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Most important Poles and Slavs that ever lived



NoToForeigners 7 | 853    
7 Feb 2017  #61

@Polonius3
Nope. Not all Poles do that. Many lost respect to him after he was proven to indirectly protect church paedophiles.


Najade - | 19    
7 Feb 2017  #62

@Polonius

let's just say that in a list of geniuses of science and arts, religion should not have a place.
Seeing as religion usually hampers and opposes both.
Polonius3 1,019 | 12,554    
8 Feb 2017  #63

religion should not have a place

Outstanding humanists, ethicians and thinkers such as Albert Schwietzer and John Paul II definitely have a place in the history of human development. Only if we were a society of robots would the pantheon be reserved for the inventors of the better mouse-trap and various e-gadgetarian gizmos.
OP Crow 138 | 5,830    
8 Feb 2017  #64

Pope John Paul II for sure comes among 10 most important Slavs that ever lived. Its because of weight of his historical role and contribution to future of Slavic civilization. We Serbians would remember his outstanding defense of Serbians in the wake of unjustified and illegal NATO bombing of Yugoslavia and Serbia. Without his efforts, pressure on NATO and back then leadership of Poland, NATO, led by mad Clinton clan would initiate full scale ground campaign of my country. It was time when Pope used his authority to stop NATO hawks within Polish government that even so tried to hijack Pope`s efforts and continued to rise voice of official Poland in favor of attack on Serbians, even no matter that great majority of Polish people, parliament and Pope himself sided with Serbia and asked for end of NATO attacks. But finally, NATO stooped, after more then 70 days of bestial bombing of Serbia, with depleted uranium, cluster bombs and guided missiles, where total amount of damage for the country was more then 100 mlrd USA dollars.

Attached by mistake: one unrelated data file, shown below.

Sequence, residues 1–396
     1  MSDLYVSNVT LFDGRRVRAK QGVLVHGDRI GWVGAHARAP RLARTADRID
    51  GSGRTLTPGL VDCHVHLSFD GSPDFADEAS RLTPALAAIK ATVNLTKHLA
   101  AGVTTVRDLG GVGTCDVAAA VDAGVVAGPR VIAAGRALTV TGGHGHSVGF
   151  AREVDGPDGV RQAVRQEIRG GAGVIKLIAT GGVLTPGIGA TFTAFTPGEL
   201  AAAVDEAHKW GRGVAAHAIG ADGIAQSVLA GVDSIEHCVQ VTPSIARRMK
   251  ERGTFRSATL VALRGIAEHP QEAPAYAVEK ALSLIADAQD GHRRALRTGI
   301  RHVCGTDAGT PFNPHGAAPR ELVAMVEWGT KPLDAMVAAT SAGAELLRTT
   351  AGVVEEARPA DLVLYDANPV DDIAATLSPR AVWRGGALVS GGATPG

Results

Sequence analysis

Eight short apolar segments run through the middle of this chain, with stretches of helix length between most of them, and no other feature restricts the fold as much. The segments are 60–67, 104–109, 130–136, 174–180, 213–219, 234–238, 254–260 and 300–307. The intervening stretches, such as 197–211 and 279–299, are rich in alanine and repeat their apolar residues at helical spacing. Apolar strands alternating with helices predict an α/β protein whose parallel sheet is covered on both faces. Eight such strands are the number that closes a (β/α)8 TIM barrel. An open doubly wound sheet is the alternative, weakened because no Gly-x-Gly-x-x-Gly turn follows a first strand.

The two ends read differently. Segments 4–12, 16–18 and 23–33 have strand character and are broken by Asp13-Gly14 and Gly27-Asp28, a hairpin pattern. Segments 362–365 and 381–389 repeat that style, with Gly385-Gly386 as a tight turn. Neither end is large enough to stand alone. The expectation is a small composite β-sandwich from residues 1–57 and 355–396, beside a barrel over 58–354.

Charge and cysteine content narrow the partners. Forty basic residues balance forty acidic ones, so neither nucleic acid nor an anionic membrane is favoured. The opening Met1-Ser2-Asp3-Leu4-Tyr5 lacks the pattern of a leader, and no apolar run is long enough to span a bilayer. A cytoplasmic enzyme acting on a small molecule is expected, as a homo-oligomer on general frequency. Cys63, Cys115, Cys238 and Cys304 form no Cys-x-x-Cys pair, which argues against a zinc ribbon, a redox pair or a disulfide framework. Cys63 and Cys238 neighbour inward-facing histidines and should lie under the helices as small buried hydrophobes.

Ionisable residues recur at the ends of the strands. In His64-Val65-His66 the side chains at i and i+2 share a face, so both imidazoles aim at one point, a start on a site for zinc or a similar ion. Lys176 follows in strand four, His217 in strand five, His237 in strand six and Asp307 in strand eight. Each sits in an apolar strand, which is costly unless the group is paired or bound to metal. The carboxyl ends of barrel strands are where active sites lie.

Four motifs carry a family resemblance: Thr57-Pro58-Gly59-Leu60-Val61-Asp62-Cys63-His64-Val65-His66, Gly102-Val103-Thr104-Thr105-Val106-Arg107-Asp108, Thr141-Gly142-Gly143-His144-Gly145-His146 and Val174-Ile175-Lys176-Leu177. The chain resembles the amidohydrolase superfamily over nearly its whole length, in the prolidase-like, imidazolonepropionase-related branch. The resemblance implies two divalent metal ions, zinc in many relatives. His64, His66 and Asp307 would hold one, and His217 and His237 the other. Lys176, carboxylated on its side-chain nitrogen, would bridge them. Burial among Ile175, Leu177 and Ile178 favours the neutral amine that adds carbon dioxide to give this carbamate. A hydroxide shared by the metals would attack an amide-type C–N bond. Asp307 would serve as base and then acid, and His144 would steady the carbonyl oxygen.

So, great thanks to Pope John Paul II for rising his voice for Serbians. Without that voice, my people would face extinction and in turn that would effectively result in the end of Slavic South.
OP Crow 138 | 5,830    
8 Feb 2017  #65

among best candidates:

*** Mikołaj Kopernik (mathematician and astronomer who formulated a model of the universe that placed the Sun rather than the Earth at the center of the universe)

*** Maria Sklodowska (physicist and chemist who conducted pioneering research on radioactivity, developed theory of radioactivity, techniques for isolating radioactive isotopes, and the discovery of two elements, polonium and radium)

*** Mikhail Lomonosov (polymath, scientist and writer, who made important contributions to literature, education, and science. Among his discoveries were the atmosphere of Venus and the Law of Mass Conservation in chemical reactions. His spheres of science were natural science, chemistry, physics, mineralogy, history, art, philology, optical devices and others. Lomonosov was also a poet and influenced the formation of the modern Russian literary language)